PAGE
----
The positioning reality is — this is an educational smart card company. The other stuff are bells, whistles and features. Oy.

    And. It will get you every time.






    Things we remember.







    We remember beauty.

    We remember new.

     We remember rich.

     We remember melody.

    We remember funny.  

    We remember nature.

     We remember poetry.

     We remember pain.

     We remember educators.

     We remember warmth.

     We remember charity.

     We remember happy.

     We remember love.

     We remember triumph.

     These are the things we remember.

     These are the things consumers remember.

     (I post this brand planner’s prayer once a year…as a reminder.)

    Mistrust of Google? Huh?


    The level of hypocrisy at the House Judiciary Committee’s grilling of Google CEO Sundar Pichai yesterday was amazing. Committee members and staffers probably use Google in their day jobs, 100 times a day.  These men and women, who accept funds from any and every influencer group in the country (both sides of the aisle) have the audacity to ask Mr. Pichai, about selling a little date to fund a free tool the size and scope of Google is preposterous!

    Of course Google will push the boundaries. It would be unAmerican not to. But to bandy about the word of “distrust” and “mistrust” for a digital utility that is trusted more than any other on the planet is ludicrous.  America loves it’s Google. Billions of times a day.

    When embarrassed by the probes concerning public trust does Google publicly threaten to shut down its engine?  No. It listens, answers logically, unemotionally and learns.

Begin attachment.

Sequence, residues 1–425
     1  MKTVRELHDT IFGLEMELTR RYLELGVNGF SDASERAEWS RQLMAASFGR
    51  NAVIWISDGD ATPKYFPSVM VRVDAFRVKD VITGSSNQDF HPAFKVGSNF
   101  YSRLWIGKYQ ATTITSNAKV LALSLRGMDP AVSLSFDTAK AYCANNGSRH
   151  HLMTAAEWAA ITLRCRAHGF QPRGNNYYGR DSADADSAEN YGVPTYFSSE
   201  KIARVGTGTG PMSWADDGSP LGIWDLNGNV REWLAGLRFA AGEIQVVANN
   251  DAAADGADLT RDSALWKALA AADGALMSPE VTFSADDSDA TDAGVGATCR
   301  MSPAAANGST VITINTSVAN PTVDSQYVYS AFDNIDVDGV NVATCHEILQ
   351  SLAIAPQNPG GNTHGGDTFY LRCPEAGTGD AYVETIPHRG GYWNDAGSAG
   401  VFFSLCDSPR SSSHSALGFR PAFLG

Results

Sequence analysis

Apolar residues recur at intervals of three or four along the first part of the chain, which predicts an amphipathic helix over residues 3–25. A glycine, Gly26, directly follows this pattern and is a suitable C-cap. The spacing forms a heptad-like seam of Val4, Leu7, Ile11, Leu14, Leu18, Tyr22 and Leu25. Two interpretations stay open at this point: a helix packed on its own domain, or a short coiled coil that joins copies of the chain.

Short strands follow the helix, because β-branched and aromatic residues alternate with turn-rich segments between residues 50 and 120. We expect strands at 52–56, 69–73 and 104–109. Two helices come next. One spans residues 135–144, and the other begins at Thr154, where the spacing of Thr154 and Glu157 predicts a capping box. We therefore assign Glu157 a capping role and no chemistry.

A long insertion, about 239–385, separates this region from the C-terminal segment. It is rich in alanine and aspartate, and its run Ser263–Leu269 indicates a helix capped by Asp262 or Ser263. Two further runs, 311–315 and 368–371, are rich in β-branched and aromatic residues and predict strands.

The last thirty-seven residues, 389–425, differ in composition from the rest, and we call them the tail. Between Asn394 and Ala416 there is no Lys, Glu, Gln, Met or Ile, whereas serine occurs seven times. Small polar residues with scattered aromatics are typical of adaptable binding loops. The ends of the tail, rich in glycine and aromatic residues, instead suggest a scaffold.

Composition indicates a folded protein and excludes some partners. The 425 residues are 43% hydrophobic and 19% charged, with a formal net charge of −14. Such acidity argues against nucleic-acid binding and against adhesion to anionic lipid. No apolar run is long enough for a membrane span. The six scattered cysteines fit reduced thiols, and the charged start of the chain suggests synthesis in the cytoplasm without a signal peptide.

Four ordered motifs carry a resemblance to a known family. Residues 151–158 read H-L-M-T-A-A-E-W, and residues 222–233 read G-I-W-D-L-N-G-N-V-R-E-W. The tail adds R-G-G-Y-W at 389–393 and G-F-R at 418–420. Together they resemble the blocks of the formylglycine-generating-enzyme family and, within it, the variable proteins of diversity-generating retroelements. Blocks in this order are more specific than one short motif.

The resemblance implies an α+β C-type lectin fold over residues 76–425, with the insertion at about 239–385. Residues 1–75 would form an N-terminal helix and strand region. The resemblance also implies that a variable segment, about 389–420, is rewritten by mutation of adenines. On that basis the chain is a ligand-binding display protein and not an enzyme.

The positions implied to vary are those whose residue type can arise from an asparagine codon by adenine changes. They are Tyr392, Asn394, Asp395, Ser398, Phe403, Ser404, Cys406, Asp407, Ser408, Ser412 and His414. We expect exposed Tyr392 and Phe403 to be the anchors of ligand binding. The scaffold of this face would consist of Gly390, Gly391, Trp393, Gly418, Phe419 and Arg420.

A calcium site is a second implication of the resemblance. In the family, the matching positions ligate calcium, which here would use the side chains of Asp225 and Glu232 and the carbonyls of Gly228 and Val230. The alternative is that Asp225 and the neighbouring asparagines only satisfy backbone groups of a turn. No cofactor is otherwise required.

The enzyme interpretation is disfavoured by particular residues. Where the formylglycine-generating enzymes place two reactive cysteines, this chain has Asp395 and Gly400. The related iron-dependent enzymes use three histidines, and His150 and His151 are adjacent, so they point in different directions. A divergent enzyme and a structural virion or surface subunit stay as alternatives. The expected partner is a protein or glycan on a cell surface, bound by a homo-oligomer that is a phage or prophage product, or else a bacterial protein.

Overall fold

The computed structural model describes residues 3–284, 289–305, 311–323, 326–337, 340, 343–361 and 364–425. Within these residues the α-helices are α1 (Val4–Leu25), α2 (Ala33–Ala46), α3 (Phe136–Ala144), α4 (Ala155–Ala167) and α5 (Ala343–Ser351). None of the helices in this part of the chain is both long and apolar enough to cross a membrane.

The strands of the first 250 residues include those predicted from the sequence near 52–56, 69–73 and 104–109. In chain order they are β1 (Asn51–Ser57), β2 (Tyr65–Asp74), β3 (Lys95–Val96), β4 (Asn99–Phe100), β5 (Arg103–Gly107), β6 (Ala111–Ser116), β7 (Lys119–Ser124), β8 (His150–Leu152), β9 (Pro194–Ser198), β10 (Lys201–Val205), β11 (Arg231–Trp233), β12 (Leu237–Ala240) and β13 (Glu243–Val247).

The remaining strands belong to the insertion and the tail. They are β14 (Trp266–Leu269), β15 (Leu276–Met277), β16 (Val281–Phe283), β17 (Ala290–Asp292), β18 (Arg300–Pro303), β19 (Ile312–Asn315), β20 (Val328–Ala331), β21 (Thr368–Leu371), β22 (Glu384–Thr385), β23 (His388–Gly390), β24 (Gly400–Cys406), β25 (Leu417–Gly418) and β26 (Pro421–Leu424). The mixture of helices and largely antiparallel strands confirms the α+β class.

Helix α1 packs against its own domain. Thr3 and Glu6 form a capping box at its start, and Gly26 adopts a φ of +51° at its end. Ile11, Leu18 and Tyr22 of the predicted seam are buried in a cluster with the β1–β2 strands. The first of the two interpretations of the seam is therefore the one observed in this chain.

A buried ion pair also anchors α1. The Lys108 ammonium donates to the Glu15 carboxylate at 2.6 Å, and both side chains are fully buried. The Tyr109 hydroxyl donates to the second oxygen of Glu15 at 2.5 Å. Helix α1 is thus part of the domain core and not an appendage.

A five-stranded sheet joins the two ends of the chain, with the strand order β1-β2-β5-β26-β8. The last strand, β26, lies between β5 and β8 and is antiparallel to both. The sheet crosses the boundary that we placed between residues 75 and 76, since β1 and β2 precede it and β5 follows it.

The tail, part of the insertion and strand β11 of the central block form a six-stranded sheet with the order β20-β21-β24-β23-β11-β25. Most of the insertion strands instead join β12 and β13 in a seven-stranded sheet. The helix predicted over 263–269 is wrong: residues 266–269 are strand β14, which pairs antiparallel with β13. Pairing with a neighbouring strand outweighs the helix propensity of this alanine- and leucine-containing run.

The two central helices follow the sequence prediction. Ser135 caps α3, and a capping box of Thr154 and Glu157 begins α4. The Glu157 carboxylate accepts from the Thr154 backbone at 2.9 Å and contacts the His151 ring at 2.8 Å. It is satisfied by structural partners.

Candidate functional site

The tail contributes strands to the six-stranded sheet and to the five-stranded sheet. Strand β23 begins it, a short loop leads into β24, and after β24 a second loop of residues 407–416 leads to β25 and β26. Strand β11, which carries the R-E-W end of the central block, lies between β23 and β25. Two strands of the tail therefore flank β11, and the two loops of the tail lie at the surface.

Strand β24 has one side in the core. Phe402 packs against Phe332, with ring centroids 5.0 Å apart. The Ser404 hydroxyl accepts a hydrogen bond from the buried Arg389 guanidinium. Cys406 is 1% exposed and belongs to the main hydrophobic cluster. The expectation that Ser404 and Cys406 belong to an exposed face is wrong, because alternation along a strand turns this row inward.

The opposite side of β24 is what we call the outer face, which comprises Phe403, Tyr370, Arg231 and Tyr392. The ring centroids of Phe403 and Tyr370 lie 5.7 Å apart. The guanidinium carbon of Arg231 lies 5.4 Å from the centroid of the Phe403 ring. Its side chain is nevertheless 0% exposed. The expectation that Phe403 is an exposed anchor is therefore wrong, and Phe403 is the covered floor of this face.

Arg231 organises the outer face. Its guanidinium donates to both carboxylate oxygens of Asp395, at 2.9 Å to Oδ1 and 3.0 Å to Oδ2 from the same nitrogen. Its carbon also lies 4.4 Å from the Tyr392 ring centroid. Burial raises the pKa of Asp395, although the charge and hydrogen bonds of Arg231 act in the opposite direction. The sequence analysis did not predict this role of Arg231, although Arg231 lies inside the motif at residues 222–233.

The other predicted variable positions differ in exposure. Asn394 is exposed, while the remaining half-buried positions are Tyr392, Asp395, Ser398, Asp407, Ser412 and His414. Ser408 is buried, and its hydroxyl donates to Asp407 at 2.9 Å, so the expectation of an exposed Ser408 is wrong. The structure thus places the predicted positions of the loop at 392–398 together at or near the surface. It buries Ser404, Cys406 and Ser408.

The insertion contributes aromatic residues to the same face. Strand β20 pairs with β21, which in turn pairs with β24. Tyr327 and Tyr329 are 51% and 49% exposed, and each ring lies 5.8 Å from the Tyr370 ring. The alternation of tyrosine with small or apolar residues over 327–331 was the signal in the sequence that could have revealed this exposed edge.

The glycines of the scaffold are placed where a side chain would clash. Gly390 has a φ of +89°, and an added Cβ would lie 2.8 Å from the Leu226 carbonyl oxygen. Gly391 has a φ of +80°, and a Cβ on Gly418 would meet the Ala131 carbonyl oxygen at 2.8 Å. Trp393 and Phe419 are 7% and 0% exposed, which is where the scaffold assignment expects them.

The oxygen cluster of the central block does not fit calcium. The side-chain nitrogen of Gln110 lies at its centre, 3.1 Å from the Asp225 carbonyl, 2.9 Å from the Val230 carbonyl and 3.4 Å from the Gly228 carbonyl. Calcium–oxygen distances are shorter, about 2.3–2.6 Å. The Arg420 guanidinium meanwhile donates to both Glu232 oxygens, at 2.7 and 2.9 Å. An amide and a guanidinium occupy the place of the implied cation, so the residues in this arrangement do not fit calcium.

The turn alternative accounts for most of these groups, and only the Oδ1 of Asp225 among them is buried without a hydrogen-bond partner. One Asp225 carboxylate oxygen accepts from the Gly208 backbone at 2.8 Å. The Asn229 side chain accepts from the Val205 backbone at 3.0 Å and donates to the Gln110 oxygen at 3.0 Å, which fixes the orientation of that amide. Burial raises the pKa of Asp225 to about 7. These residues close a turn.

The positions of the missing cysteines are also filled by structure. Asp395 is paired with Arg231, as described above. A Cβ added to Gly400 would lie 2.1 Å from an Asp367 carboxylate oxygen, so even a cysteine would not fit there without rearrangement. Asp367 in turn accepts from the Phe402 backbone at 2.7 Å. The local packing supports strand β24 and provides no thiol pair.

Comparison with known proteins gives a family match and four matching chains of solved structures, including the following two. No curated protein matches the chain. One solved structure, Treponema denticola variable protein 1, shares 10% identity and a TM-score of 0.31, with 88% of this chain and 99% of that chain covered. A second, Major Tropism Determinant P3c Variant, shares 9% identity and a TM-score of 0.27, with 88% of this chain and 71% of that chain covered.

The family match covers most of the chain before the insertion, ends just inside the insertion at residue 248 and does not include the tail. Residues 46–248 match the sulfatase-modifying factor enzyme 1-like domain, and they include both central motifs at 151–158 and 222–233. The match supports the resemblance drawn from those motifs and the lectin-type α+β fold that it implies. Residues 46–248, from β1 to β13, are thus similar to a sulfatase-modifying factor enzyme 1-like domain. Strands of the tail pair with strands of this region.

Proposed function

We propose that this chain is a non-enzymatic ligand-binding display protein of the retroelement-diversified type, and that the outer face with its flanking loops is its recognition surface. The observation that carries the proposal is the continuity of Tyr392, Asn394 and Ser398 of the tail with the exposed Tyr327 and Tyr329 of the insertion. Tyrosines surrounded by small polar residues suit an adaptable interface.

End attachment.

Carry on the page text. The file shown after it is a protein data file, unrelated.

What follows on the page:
Now, where should I send my donation to your campaign Mr. McCarthy, house majority leader?  As if.



    Why Brand Strategy?


    The brandstrategy framework used at What’s The Idea? is not an impenetrable membrane.  That is to say, it is not a wall that keeps out creative ideas and marketing executions. Sure, there may be some brand policing by brand manager, but brand strategy is not meant to create “the land of no.”  Think of brand strategy as a springboard for creative ideas. A place to start.

    The What’s The Idea? framework comprises one claim and three proof planks.  A claim is a statement of value to a consumer; something they want. The stronger the want or need, the better the claim. As for the proof planks, they are exactly that. Proofs of claim. Proof planks are the foundation of brand stories. They create muscle memory for consumers as to why the claim is true.

    The claim and proof array open the doors to creative thought, it doesn’t  close it. This is not untamed creative thought or “creative for creative’s sake,” but ideation based upon an organized selling strategy that builds brands.

    Brand strategy organizes the creative mind.




    Learning Through Failure.


    The first step in brand strategy is getting the product Is-Does right.  They ability to articulate what a product Is and what the product Does sounds easy, but it’s not.  I developed this simple concept while working at a tech startup where the product was a software as a service (SaaS) called Zude. Because the management team couldn’t get the Is-Does right, we failed.  

    The term of art “elevator speech” is the result of an improper Is-Does.  If it takes an elevator ride to explain your product, you are little toasty.  iPhone was a phone, albeit a very functional phone.  If it was called a Newton (hee hee) it may not have survived.

    Zude’s Is-Does was “the fastest easiest way to build (and manage) a website. The Is was “website builder” the Does was “fastest easiest.”  But the management team could not completely agree. The technologist, who understood code and features but not consumers, kept building until Zude was part video platform, part social network, part advertising company…you get the picture.

    Get the Is-Does right and there may be an Is to build a brand around.